13 Dec 2016 In 2016 IDH decided to move from focusing on segregated commodity supply chains to using a landscape approach to address sustainability at field level. We decided to do this because it became increasingly clear that many challenges such as legality, water management and forest conservation are common across commodities, especially in the forestry sector, and that working together would be the most effective way forward.
While IDH continues to work with partners throughout the supply chain, the landscape approach is increasingly recognized as a valuable tool in overcoming challenges at production level, especially for those challenges that cannot be overcome by any single party alone (such as legality or maintenance of wildlife corridors). Building on our existing progress, IDH focuses on three landscapes (in the provinces of Aceh, South Sumatra and West Kalimantan). Since that time, we have been working hard to support, facilitate and bring a variety of stakeholders together including private sector and local and national governments to articulate needs and expectations for the way forward, and build the necessary foundation for action. As the end of year is approaching, what have we achieved and what have we learned in 2016?
While use of the terminology landscape approach has become commonplace, there is no single, widely accepted definition. IDH has worked with its partners to define the landscape approach within our programs as taking an holistic and inclusive approach to overcoming environmental and social challenges in a particular area. This means building consensus among all stakeholders (regardless of whether they are private sector, different commodities, public sector, NGO, communities, etc.) for a long term goal for the area and the specific actions required to achieve that. For example, under the issue of water management in peatland no two neighbours can be successful in managing water if one is seeking to flood the land and the other to drain it. The landscape approach seeks to overcome this by bringing stakeholders together who have the ability, interest and expertise to resolve the problem. Under the landscape approach, natural boundaries (e.g. a river, watershed etc) are typically used to define the limits of the focus area. In common with others, IDH has been using the term jurisdictional approach to refer to landscape approaches where the working area is defined by political boundaries (e.g. province or district). Other concepts, such as supply sheds or defined sourcing areas are based on similar approaches, but are delineated by the supply chain (e.g. from a specific supply chain or group of companies working in the same commodity).
In December 2015, IDH collaborated with world leading experts in agriculture and natural resources to produce the Little Sustainable Landscapes Book. This book aims to clarify and disseminate sustainable landscape management methods, and to catalyze their implementation across private and public sectors worldwide.
Following on from the South Sumatra Governor Alex Noerdin’s declaration in late 2015 that South Sumatra will work towards jurisdictional certification under the Roundtable for sustainable palm oil (RSPO), IDH has been working closely with the government and other key stakeholders to build the support required for implementation and identify specific steps. IDH and partners have also worked with the government to commission a green growth plan for the province, which will inform policy decisions and development planning for the future. The plan will be completed in early 2017, and will be integrated into government plans. In the meantime, IDH is continuing to convene private sector stakeholders on private sector action plans, such as mapping farmers, HCV, fire prevention and peatland management.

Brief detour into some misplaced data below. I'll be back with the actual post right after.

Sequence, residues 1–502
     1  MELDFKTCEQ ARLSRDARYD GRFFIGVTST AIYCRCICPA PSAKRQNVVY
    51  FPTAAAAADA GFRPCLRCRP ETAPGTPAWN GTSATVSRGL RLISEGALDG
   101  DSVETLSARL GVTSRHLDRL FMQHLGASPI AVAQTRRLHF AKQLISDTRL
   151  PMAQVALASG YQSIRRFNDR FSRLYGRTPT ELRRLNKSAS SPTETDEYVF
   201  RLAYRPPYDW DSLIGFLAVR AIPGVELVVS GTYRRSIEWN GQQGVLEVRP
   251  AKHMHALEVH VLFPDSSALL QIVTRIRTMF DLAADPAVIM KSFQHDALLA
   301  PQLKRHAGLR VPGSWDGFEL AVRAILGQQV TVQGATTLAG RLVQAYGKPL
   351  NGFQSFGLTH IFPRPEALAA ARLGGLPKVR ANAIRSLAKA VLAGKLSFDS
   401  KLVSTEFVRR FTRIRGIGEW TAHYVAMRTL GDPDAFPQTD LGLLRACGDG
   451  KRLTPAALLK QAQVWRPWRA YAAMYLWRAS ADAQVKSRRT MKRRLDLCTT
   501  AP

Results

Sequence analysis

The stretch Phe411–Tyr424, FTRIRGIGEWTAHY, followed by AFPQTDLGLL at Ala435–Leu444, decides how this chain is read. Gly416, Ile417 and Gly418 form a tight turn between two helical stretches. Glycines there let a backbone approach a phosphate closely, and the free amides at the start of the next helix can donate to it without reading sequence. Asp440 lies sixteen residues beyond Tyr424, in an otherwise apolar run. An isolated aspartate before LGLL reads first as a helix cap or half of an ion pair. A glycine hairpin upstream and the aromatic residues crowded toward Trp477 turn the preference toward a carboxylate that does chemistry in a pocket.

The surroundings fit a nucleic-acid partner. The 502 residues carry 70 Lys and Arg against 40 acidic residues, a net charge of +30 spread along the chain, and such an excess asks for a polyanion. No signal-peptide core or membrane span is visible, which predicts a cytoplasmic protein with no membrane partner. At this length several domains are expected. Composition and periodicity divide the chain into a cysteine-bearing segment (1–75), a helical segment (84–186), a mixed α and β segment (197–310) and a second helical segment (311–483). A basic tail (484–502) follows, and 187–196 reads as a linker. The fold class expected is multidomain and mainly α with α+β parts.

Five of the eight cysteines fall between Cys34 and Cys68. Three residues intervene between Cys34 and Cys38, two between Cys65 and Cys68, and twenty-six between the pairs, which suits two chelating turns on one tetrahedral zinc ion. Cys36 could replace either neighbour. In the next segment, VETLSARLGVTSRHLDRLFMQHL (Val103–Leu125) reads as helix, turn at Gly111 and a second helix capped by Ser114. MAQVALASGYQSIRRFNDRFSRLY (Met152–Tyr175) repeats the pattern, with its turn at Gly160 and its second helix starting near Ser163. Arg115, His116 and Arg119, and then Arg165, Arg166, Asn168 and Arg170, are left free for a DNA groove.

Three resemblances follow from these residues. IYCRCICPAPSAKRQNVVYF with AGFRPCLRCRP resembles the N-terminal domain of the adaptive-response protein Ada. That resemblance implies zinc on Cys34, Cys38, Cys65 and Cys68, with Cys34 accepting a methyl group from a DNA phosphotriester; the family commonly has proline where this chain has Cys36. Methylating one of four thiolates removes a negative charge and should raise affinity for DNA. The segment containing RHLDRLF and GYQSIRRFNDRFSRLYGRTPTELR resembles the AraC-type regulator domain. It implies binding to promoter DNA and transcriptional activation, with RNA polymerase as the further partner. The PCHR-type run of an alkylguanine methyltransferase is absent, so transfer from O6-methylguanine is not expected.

IDH and partners have continued to work closely with the West Kalimantan Governor and his team on the concept of green growth, with the plan to commission the development of a green growth plan in partnership with the government early next year. In 2016, we successfully developed strong and promising partnerships with a number of private sector companies including Bumitama and ANJ. In November, IDH officially started the collaboration with PT CUS to improve conservation in their concession, including support for sustainable management of 10,000 ha HCV forest.
After the commission of a study of the province to identify potential areas for support and intervention in relation to sustainable development and several meetings with key private and public parties (including major buyers and local leaders), IDH has developed several promising leads for partnership projects under the concept of landscape approach. We also started to support Kabupaten of Aceh Timur to develop and implement green growth policies. We are pleased that Aceh Timur expressed the intention to implement jurisdictional certification.
It has been a year of significant change for IDH as we have consolidated our approach to commodities using the landscape approach. While we have made significant progress in building the foundations for action, much more work is needed, and in 2017 our focus will be on moving towards debilitation and action on the ground.